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Marvelous Mrs. Maisel: Mei Represents A Different Generation Of Woman Than Midge

The following article contains spoilers for "The Marvelous Mrs. Maisel" Season 5, Episode 1, "Go Forward."

"The Marvelous Mrs. Maisel" may primarily showcase one woman's journey to becoming a professional stand-up comedian, but it's also a mirror into the 1950s and '60s in America. Women were becoming more independent, as demonstrated by Midge (Rachel Brosnahan) picking up the pieces after her divorce and trying to make a name for herself in a widely male-dominated sphere. And Midge isn't the only focus for those themes, with Mei Lin (Academy Award nominee Stephanie Hsu) also demonstrating another type of woman who was beginning to take shape in that era.

In Season 4, Mei told Joel (Michael Zegen) she was pregnant with his child. The first episode of Season 5 continues this arc with Joel telling his parents how excited he is to marry Mei and have a baby together. Shortly thereafter, Mei tells Joel she no longer wants to marry him and implies she's had an abortion so that she can pursue her medical residency. Going through with this storyline was definitely intentional, as the show's creator Amy Sherman-Palladino told The Hollywood Reporter, "Mei always represented to us sort of weirdly like the generation right after Midge, like that generation of going into the '60s, of girls starting to step back — with the advent of the pill — step back a little bit and started to think a little bit more big picture rather than the immediacy of like, husband, children, this is the road, a little bit [more] like what could the road be?"

Women like Midge paved the way for women like Mei to seek other opportunities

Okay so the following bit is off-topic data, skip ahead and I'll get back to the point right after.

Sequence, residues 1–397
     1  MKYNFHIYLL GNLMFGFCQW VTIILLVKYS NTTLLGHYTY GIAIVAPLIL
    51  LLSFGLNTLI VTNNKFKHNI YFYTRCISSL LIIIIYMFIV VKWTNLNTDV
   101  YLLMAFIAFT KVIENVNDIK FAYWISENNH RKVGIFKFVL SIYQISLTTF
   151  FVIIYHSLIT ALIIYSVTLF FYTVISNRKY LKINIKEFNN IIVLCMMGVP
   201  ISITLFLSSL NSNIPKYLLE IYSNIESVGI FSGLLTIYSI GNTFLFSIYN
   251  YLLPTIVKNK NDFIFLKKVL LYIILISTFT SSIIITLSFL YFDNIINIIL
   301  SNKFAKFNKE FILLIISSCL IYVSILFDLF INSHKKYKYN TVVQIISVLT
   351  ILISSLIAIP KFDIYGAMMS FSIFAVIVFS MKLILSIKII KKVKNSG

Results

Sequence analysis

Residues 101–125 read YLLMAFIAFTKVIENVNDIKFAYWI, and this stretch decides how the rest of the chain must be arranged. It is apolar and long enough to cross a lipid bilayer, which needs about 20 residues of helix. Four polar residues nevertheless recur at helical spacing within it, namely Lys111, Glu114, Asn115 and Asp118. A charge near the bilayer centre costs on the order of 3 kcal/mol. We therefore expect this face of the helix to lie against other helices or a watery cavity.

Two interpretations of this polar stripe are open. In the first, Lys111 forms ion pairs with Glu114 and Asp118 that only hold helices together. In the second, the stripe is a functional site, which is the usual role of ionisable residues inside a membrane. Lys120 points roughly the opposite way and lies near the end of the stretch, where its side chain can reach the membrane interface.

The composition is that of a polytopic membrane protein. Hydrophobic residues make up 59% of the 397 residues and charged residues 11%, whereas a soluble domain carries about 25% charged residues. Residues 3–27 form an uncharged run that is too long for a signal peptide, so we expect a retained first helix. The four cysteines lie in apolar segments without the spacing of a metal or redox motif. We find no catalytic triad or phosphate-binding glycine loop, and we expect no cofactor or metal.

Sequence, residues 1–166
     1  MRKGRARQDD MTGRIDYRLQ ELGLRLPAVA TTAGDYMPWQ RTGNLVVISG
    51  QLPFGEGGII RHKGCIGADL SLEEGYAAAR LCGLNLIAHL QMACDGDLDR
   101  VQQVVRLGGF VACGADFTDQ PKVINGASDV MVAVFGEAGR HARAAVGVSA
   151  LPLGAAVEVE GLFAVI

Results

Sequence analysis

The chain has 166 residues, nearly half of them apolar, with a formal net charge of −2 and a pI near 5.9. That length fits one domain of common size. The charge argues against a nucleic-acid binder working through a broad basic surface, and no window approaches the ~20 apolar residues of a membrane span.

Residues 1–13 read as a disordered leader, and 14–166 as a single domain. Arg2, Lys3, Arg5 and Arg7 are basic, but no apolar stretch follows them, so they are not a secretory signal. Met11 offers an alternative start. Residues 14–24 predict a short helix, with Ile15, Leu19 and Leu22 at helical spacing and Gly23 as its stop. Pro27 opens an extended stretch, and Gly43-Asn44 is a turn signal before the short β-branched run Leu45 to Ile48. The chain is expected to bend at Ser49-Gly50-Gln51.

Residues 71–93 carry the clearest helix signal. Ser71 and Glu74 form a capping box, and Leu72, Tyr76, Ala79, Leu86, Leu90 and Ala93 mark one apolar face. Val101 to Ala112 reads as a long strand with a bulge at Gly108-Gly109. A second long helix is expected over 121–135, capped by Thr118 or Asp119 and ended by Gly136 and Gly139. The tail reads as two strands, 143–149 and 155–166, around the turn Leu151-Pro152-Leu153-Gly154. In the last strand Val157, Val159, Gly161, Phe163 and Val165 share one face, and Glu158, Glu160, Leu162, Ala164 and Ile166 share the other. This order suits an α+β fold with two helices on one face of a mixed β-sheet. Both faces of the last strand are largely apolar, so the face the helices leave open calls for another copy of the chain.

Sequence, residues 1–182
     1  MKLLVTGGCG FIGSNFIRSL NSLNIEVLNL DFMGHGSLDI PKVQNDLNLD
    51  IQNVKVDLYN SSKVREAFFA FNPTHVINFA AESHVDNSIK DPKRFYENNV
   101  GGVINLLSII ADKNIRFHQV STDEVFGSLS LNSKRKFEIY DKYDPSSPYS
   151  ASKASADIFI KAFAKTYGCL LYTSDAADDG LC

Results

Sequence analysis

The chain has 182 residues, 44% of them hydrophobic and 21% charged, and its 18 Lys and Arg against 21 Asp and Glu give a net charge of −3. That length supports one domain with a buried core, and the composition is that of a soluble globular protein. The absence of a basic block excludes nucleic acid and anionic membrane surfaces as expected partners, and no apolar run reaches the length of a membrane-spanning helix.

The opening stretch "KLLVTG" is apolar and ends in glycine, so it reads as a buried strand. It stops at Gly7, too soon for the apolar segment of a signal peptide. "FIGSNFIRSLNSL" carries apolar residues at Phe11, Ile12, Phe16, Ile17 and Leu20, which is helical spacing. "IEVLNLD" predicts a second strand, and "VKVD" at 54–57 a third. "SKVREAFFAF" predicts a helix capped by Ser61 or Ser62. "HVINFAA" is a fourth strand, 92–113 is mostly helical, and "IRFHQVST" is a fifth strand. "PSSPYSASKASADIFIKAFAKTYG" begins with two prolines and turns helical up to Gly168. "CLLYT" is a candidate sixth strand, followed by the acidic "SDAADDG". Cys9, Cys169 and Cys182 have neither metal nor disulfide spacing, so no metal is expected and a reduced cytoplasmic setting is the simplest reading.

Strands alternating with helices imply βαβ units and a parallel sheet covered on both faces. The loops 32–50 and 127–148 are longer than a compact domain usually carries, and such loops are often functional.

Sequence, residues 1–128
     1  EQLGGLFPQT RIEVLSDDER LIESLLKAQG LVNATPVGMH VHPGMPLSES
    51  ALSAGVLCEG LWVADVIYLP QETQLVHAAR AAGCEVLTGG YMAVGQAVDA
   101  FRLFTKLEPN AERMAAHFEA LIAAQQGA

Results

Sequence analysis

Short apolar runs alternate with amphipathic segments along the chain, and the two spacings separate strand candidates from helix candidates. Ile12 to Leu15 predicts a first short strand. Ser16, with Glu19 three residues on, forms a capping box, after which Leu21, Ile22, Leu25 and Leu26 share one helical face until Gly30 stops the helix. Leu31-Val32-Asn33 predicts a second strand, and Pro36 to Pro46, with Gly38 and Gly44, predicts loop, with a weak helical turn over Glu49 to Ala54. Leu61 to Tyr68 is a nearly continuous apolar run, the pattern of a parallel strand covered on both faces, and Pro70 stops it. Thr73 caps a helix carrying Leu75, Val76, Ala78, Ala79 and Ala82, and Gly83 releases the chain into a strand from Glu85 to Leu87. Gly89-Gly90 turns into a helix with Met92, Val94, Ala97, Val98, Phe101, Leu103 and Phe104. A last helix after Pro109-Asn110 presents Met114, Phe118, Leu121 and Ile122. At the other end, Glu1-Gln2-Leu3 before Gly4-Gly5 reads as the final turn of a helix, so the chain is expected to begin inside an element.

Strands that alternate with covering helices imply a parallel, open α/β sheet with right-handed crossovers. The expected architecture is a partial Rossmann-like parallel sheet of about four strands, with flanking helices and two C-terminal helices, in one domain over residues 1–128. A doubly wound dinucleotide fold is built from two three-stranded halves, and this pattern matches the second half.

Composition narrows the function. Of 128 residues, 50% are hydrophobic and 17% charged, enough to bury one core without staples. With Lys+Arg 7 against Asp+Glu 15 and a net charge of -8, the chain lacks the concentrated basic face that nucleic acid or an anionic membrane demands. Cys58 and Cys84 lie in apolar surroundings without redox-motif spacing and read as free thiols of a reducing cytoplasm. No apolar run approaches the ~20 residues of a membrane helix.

When "The Marvelous Mrs. Maisel" starts, Midge is married with children. It's only after Joel leaves her for his secretary that she decides to give stand-up a try. Mei seems down a similar path where Joel wants to marry her and have children, but she doesn't give him that opportunity. She's decided against having the baby and will pursue a career as a medical professional when women weren't really in that field. Amy Sherman-Palladino confirms that there's a cycle at play where Midge followed the traditional feminine path in American society before deciding to give something else a try. Meanwhile, Mei is going after what she wants from the get-go.

Sherman-Palladino wanted that progression within Mei and to help show why Joel was attracted to her in the first place. She said, "She also represented the kind of woman that Joel would want to be with. In spite of the fact that they did not work out, Joel was attracted to Midge, partially because of that ambition and that focus that was there that neither one of them even could like put a finger on." Not only was Mei's decision important thematically, but it also helped Joel along his journey; as Michael Zegen told THR, "I think it was another instance where he was kind of getting into the same patterns that he started in where he's kind of stuck in a situation, and he has to find his way out."

With Season 5 being the final outing for "The Marvelous Mrs. Maisel," fans will undoubtedly appreciate seeing growth in the characters, themes, and time periods of this country.